Imagine you’re standing at the eastern foot of John Street in Manhattan’s Seaport neighborhood. To the west you see the bustling Financial District, more than just the world’s economic heart, now home to more than 60,000 New Yorkers and counting, amidst a burgeoning restaurant and nightlife scene. To the north one of our most beloved landmarks, the Brooklyn Bridge, obstructed by the eyesore that is the tangled web of access ramps from the FDR Drive, and in the backdrop, Two Bridges, a neighborhood of low rise, low income housing on the brink of a massive redevelopment masterplan that will bring skyscrapers and hopefully, a rapid influx of new residents to fill them. To the south is the City’s busiest heliport and ferry terminals which reveal the vulnerability of the low-lying land that rings The Battery. To the east is impending danger, an ever-rising East River, the primary source of the destruction that left Lower Manhattan crippled for weeks after Hurricane Sandy. And beneath you, a sad excuse for a waterfront park, desperately needed to provide open space for the growing population but underused due to its undesirability. Above you the viaduct, the FDR Drive, an elevated highway in disrepair, no longer conforming to today’s highway safety standards, designed for a time when travel by motor vehicle was a luxury, where a leisurely Sunday drive was an experience in itself, a time when one could appreciate the views of Brooklyn, not the bumper in front of you.
The conundrum which is simplified as ‘the need to raise the coastal elevation to at least exceed the projected 6 foot rise of sea levels expected by the end of the century or ideally high enough to halt a potential 16 foot storm surge’ has been met with equally simple-minded solutions such as burying our concrete jungle behind a concrete wall like some medieval defense system. This may solve part of the problem, albeit with no regard to the blight it will add to an already substandard waterfront promenade, but it is far from the holistic solution New Yorkers need.
While the controversial East River Coastal Resiliency plan from Montgomery Street to East 25th Street as well as the southern section of Battery Park City is seemingly making progress, it draws further attention to the fact that the most vulnerable section of waterfront lies between the two, and is swiftly being identified as the part of the challenge no one has the solution for. A fate that is probably for the best, since the proposals still in consideration, such as a $10 billion landfill, would permanently destroy the historic character of one of the city’s most interesting neighborhoods, South Street Seaport.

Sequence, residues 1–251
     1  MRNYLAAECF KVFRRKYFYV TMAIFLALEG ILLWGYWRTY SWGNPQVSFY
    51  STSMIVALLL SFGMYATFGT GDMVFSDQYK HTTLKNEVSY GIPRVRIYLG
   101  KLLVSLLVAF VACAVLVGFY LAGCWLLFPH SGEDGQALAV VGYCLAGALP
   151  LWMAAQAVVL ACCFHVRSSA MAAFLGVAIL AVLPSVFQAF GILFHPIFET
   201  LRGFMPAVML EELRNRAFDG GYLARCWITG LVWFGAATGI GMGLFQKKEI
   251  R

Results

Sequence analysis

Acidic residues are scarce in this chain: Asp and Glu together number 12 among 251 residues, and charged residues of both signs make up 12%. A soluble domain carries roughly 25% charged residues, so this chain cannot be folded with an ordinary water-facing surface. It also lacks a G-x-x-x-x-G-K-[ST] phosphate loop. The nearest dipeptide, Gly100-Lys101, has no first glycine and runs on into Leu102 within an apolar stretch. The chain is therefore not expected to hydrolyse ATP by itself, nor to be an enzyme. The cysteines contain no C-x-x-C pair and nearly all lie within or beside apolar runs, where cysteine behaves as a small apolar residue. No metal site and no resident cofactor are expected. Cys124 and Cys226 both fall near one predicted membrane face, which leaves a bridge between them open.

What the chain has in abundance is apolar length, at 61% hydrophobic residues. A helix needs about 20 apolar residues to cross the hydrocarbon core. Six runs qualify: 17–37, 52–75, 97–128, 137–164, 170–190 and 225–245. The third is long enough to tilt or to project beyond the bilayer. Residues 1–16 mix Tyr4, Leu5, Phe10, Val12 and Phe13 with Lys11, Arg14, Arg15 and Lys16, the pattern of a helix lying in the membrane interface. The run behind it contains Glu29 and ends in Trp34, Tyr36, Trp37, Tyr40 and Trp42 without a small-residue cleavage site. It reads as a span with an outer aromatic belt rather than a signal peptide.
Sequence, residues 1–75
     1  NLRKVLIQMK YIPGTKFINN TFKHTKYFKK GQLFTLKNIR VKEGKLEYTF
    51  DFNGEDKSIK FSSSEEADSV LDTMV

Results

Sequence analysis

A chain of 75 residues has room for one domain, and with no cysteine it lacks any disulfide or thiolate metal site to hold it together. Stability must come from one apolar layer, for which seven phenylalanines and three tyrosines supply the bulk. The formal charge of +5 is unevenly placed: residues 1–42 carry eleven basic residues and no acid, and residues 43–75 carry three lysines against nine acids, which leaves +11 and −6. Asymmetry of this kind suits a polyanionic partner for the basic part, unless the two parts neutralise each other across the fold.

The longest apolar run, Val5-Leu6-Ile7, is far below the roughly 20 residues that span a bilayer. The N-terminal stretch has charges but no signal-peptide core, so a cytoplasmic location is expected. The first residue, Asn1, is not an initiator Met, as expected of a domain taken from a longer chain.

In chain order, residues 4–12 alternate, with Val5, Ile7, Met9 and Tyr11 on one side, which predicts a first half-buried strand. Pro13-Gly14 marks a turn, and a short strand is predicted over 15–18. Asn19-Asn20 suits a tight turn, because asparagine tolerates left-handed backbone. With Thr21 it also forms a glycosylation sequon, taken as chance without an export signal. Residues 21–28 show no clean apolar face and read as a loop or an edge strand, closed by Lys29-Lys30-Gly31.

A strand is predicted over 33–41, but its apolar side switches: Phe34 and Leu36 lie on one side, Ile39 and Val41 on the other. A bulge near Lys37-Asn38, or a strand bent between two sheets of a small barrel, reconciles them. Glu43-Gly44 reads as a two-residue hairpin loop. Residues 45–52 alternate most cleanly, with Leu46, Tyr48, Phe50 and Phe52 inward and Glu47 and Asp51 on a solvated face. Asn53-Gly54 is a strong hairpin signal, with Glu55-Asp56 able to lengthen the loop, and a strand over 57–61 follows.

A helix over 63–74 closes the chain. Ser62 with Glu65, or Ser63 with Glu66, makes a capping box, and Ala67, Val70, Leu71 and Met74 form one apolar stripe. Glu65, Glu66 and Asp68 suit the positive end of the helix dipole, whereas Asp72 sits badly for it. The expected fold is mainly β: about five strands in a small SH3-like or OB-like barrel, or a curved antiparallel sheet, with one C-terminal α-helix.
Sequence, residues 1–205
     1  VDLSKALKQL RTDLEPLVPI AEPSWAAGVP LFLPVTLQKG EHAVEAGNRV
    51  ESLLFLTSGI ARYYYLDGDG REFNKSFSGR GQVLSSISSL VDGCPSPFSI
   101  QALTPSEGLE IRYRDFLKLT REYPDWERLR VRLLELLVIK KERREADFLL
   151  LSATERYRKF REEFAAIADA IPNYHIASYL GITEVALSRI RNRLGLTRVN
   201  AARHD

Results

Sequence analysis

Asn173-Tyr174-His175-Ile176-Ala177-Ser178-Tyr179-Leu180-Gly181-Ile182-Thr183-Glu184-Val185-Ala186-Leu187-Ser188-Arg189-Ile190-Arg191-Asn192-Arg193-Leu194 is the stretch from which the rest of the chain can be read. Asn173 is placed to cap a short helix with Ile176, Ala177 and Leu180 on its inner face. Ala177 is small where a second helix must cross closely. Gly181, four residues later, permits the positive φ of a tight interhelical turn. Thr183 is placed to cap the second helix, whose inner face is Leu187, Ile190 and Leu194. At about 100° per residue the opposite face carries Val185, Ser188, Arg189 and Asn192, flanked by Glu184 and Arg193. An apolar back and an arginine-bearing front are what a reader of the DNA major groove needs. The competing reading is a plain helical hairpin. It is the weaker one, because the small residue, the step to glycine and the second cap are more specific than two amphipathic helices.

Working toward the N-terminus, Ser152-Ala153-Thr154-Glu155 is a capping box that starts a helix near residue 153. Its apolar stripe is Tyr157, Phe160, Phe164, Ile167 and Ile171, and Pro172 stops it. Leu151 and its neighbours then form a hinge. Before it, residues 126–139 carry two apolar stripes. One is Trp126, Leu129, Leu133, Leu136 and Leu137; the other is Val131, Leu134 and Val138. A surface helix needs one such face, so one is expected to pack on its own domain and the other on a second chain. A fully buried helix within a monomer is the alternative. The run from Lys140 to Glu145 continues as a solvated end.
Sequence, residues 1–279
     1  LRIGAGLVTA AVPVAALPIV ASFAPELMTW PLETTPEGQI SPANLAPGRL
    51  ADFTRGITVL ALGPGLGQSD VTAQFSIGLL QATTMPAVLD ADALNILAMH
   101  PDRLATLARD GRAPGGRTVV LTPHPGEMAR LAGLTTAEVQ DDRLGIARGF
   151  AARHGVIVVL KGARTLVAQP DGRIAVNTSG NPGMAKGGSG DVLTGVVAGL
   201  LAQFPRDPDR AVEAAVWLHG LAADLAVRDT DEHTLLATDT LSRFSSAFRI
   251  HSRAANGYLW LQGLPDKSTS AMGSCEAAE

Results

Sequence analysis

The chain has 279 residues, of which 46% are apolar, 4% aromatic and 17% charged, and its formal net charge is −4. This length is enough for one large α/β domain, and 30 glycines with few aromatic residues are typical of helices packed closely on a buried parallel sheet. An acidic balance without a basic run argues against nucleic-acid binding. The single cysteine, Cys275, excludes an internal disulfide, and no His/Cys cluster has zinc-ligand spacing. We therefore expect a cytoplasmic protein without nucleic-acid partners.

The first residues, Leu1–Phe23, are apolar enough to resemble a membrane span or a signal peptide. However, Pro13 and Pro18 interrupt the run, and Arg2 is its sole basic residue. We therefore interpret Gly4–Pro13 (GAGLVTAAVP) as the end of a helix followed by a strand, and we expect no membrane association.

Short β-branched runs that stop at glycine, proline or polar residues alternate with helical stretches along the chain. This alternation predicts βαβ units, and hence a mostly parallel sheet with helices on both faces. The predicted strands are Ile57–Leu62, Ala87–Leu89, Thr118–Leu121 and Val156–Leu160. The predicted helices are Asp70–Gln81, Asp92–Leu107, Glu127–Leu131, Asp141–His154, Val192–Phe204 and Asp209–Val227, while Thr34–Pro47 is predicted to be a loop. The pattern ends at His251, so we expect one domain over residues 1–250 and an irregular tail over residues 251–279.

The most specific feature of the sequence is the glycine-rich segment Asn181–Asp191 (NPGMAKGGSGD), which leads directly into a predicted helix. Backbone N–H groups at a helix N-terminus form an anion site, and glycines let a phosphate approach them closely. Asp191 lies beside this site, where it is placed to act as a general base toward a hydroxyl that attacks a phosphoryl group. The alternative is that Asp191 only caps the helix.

Fortunately, there is light at the end of the tunnel, (pun intended) and it starts with tunneling the FDR Drive. Enter the Financial District Coastal Improvement Program (FDCIP); a multifaceted waterfront improvement initiative that is facilitated by moving the elevated section of the FDR Drive underground. These improvements have the potential to create a vibrant, accessible, open waterfront and increase real estate value from Battery Park to Corlears Hook while solving the impending environmental threats.
Having reviewed the program, Richard McCarthy, a Principal at SB+C Architecture, D.P.C., comments, “Climate resiliency in Lower Manhattan requires comprehensive and proactive solutions. FDCIP offers a holistic approach to change and carefully crafts a brighter future for residents, visitors, and workers alike.”
Rising sea levels mean more to lower Manhattan than just the threat of water rushing over the coastline in slow fashion due to climate change or in an unfathomable blast as a result of a storm. It also has a lot to do with rainwater. Inside buildings, storm pipes that carry rainwater off roofs and their surrounding property and sewer pipes that carry wastewater from the drains of our sinks and toilets are separate; however, when they leave the building, they are combined until they reach a water treatment facility. An antiquated system, nearly impossible to overhaul or separate, moves by gravity under congested streets entangled in other utilities at near capacity. And all too often a heavy rain exceeds the system’s capacity, causing the contents to be pushed through overflow gates into surrounding waterways. There are two issues with this, the obvious one about dumping raw sewage into the East River and the non-obvious one that when the sea levels rise above the overflow gates, those gates will no longer function, causing water, and all of its contents, to backflow into the street.